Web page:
‘Honk more, wait more’ at Mumbai’s traffic lights

Road signal priority is a key facet of urban traffic management, designed to improve traffic flow.
UTC / February 7, 2020
By Adam Hill
Mumbai traffic Photo 105782742 © Eternitypics7 - Dreamstime.com
Mumbai: 'Honk if you don't want to go anywhere' (© Eternitypics7 | Dreamstime.com)

Road signal priority is a key facet of urban traffic management, designed to improve traffic flow.

This principle is familiar to ITS professionals all over the world, but police in Mumbai, India, have put a twist on the idea - by rigging up a set of lights to punish drivers who sound their horns. Or, to use Mumbai Police’s own description, they “hit the mute button on Mumbai’s reckless honkers”.

TomTom’s global congestion ranking puts Mumbai in fourth place, and says that drivers spend nearly nine days’ extra time “driving in rush hours over the year”.

However, it seems that is not Mumbai’s only transport problem: the city’s busy streets are also plagued with the sound of impatient drivers hooting their disapproval when they are stopped by red traffic lights. “Maybe they think that by honking they can make the light turn green faster,” says the commentary in a video from Mumbai Police, which describes the city as the “honking capital of the world”.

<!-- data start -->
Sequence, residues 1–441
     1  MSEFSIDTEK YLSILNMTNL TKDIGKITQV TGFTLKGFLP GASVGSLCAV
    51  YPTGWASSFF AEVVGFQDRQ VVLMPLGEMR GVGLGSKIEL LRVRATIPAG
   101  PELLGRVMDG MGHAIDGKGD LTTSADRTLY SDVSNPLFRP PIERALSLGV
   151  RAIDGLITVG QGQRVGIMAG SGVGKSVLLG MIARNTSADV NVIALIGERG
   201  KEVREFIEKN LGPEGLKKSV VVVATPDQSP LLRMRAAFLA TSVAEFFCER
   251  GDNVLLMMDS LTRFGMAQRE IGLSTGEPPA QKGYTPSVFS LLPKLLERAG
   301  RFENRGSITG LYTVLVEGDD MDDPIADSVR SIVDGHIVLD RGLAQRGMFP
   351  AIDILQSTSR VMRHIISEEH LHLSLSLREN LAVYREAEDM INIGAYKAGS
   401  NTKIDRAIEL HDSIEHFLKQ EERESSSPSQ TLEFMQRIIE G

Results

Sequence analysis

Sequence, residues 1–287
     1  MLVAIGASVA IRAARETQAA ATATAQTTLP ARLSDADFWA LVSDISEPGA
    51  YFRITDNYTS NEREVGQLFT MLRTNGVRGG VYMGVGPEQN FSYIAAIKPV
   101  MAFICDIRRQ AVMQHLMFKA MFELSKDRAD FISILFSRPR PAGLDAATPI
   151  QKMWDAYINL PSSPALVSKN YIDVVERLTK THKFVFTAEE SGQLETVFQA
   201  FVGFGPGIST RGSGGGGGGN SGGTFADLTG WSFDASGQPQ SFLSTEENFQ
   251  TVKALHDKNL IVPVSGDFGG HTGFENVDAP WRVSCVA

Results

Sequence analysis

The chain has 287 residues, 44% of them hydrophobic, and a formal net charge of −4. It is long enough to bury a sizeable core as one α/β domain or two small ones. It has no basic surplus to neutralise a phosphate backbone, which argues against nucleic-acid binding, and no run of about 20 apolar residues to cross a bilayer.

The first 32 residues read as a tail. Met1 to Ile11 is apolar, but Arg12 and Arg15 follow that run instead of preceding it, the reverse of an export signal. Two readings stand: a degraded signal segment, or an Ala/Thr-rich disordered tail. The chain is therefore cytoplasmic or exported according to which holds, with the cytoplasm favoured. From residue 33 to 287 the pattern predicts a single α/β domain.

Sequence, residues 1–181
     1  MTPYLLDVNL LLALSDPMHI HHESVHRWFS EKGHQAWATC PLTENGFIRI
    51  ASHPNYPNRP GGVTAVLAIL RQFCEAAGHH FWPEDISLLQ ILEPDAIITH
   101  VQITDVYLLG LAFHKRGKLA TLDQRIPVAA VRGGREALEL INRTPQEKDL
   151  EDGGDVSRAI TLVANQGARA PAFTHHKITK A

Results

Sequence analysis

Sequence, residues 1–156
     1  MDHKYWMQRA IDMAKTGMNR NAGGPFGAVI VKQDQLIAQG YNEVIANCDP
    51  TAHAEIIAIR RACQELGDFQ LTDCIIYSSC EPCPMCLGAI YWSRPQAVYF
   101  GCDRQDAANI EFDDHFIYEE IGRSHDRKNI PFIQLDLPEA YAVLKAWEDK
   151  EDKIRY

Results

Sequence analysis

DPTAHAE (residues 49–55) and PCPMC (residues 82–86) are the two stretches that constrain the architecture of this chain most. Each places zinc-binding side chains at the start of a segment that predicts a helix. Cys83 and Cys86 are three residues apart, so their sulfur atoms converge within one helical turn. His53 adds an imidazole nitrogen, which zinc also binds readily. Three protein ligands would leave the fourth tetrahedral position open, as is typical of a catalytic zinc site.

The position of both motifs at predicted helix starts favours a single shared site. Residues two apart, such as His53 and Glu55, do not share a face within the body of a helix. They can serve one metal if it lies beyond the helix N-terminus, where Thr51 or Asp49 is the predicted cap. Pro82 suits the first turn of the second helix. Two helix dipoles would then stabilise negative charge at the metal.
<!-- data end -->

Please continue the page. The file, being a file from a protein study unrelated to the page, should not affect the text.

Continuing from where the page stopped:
The authorities trialled connecting decibel meters to a few signal poles around Mumbai. If the sound from motorists waiting at red lights rose above 85dB, the traffic signals would reset and “stay red for longer”. The counter showing the time to a green light would go back to ‘90’ as a visual reminder that drivers were now being forced by their own behaviour to wait even longer. A variable message sign showed the message: “Honk more, wait more.”

The message from the police is clear: “Feel free to honk if you don’t mind waiting.”


 

Companies in this article